Dimensions of powder wad and gaskets for paper shells, mm.

Gunpowder and shot wads, gaskets, plastic shutter, purpose, wad and pad sizes, impact on a shot from a shotgun.

When equipment cartridges are usually used not one, but two or more felt wads. One of them, laying on the gasket, is called the main one. Wads (or wads) located above are called optional. It is the main wad that provides reliable isolation of the powder charge from the projectile. Its side surface is salted to a depth of 3 mm in order to improve contact with the surface of the bore when firing.

It is impossible to completely wad the wad, as this can lead to an effect similar to using a wad from rubber. The precipitation of wads is made with one of the following compositions:

Paraffin – 70%, solid oil – 30%.
Paraffin – 70%, cannon oil – 30%.
Paraffin – 80%, technical petroleum jelly – 20% (for summer).
Paraffin – 65%, technical petroleum jelly – 35% (for winter).

The purpose of the extra wad is to fill the inner volume of the sleeve between the main wad and the projectile so that there is enough distance from the cut of the barrel to the projectile to secure it. Extra wads usually do not fade. If you have to use a salted extra wad, then a thin cardboard lining is installed between it and the shot shell. The total height of the main and additional wad is usually 20-25 mm.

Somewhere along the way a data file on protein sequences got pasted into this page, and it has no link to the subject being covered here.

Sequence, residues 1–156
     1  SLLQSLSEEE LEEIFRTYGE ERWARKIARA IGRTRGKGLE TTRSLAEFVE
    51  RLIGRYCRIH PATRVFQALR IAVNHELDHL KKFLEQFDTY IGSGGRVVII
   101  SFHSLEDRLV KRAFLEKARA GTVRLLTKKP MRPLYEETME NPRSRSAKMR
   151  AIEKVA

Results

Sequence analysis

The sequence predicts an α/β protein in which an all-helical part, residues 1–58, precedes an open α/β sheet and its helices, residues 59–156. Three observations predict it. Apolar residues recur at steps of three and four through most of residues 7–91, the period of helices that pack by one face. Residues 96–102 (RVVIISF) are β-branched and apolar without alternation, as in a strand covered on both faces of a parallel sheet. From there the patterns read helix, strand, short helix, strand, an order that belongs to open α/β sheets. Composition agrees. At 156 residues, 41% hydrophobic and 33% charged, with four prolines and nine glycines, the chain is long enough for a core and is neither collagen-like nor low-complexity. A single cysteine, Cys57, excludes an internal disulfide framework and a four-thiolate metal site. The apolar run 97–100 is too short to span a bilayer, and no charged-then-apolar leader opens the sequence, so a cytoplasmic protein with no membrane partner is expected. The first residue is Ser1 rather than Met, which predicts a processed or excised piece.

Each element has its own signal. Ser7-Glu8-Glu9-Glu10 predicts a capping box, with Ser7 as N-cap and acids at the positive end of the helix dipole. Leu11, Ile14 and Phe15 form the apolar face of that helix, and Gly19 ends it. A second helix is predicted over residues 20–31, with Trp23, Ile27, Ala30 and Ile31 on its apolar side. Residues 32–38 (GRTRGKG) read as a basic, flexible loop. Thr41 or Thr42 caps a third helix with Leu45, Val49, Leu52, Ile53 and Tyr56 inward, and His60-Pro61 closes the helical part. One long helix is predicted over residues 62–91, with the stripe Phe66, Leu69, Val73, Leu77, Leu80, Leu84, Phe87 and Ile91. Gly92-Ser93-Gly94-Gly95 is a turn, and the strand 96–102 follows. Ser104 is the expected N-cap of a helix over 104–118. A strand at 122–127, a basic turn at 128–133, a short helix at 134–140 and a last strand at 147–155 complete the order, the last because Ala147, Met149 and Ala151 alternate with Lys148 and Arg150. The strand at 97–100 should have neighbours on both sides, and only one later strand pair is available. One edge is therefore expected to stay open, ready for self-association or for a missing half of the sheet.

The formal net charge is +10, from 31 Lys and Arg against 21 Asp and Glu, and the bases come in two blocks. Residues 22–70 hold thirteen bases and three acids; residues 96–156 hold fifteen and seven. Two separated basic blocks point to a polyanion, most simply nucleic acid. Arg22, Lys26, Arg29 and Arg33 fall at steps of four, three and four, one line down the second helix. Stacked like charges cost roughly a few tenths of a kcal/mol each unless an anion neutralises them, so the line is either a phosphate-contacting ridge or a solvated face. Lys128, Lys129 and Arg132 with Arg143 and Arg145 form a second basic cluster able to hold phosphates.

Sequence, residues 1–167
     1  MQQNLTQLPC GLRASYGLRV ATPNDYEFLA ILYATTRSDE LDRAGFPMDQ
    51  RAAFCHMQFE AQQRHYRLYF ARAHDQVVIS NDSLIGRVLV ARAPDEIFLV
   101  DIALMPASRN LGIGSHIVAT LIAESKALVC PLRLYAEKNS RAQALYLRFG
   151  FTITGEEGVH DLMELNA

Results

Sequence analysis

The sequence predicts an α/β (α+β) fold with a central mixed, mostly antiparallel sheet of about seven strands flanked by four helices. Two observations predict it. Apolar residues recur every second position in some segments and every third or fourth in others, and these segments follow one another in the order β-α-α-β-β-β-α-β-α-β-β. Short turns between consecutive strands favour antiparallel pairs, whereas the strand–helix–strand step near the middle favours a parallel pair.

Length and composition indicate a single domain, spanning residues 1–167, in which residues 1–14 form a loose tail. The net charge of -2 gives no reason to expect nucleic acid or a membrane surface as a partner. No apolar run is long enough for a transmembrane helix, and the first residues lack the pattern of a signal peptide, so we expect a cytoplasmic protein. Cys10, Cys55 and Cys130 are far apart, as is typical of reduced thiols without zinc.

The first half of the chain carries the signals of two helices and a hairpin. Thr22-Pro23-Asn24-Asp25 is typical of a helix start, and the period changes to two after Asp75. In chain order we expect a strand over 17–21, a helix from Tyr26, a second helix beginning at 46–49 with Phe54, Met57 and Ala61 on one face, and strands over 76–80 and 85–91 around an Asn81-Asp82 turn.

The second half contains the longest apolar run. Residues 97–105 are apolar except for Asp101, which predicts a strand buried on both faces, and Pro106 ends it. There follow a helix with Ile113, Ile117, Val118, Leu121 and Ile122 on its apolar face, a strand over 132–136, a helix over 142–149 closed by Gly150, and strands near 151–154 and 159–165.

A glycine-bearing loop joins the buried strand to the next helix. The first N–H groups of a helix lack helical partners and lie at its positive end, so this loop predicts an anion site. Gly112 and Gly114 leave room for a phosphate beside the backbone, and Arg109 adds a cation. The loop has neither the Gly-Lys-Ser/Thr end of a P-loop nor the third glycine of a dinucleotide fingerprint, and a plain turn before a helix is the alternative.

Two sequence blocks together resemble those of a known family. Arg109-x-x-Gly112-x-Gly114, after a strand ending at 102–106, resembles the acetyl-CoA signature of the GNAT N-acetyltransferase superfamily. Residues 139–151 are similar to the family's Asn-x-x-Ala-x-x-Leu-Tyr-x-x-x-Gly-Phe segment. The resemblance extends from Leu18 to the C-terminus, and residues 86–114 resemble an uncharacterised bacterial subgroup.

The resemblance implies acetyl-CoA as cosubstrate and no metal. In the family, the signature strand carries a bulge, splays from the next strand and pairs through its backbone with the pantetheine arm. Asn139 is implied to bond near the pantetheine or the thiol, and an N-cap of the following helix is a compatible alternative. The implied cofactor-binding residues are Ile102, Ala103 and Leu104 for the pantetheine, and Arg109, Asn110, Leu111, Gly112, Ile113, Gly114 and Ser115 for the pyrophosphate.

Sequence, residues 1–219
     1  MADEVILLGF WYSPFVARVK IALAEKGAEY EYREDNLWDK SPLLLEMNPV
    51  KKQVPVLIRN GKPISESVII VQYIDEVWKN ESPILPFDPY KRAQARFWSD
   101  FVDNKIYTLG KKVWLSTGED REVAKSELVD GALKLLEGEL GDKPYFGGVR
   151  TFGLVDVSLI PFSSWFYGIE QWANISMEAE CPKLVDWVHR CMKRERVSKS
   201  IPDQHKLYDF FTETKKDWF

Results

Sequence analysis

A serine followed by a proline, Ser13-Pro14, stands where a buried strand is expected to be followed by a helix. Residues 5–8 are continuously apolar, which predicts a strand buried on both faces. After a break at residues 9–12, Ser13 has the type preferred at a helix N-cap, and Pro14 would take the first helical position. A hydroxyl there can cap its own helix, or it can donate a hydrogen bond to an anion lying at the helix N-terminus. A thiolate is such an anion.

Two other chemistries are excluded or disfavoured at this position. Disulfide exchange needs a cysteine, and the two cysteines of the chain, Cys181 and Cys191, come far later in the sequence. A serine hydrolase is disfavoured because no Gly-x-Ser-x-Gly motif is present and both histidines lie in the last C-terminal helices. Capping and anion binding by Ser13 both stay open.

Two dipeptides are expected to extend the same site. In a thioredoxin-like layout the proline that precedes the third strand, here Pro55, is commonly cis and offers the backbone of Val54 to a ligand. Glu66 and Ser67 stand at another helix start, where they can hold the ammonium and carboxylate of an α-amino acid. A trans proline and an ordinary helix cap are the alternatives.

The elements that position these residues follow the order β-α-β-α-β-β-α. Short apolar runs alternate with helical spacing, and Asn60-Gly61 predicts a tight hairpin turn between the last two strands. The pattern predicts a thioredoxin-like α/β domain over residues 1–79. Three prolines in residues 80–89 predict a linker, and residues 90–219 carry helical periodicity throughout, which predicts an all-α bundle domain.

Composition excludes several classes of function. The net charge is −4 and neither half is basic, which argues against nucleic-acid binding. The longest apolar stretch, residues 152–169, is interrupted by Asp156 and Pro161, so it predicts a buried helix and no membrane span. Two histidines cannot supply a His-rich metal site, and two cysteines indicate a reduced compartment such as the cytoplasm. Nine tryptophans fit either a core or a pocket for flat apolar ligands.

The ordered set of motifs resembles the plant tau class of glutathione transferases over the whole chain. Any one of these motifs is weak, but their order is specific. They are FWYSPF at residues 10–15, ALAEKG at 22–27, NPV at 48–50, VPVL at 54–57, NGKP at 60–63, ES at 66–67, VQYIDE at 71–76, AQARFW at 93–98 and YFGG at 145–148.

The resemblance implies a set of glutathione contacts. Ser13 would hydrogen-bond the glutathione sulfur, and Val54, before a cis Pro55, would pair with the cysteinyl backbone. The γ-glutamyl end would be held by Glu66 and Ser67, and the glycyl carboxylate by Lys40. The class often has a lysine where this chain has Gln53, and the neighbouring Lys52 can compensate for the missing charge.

Dimensions of powder wads and gaskets for metal sleeves, mm.

Gunpowder and shot wads, gaskets, plastic shutter, purpose, wad and pad sizes, impact on a shot from a shotgun.

For cardboard sleeves, wads and gaskets of the appropriate caliber are used, for metal ones, wads should be used 2 caliber more than the caliber of a gun. In any case, it is desirable that the diameter of the wad was 0.1-0.3 mm larger than the inner diameter of the used sleeve.

Shotgun wads, purpose, effect on the quality of a shot from a hunting smoothbore gun.

Shotgun wads (gasket for shot) keep the shot in the cartridge until it is fired. In addition, shot wads should give additional resistance to powder gases at the moment the wad passes through the curled edge of the paper sleeve, which improves the combustion of the charge of smokeless powder. The smaller and lighter these shotgun wads, the less friction they cause during movement along the bore and the better the battle.

However, laying too thin may break during transport to the hunting site. On a shot wad, the number of the shot that the cartridge is equipped with is usually indicated. In metal sleeves, shot wads are usually fixed around the perimeter with wax or paraffin. To transfer such sleeves should be dulce up to avoid spilling fractions.

When firing bullet cartridges with cartridges, you need to carefully monitor that shot wads, as well as shot, do not fall into the barrel. In hunting cartridges equipped with large buckshot or bullet, shot wads are not used..

Based on materials from the book Encyclopedia of the Hunter.
Rudenko F.A., Semashko V.Yu., Cherenkov S.E., Matyunin M.M..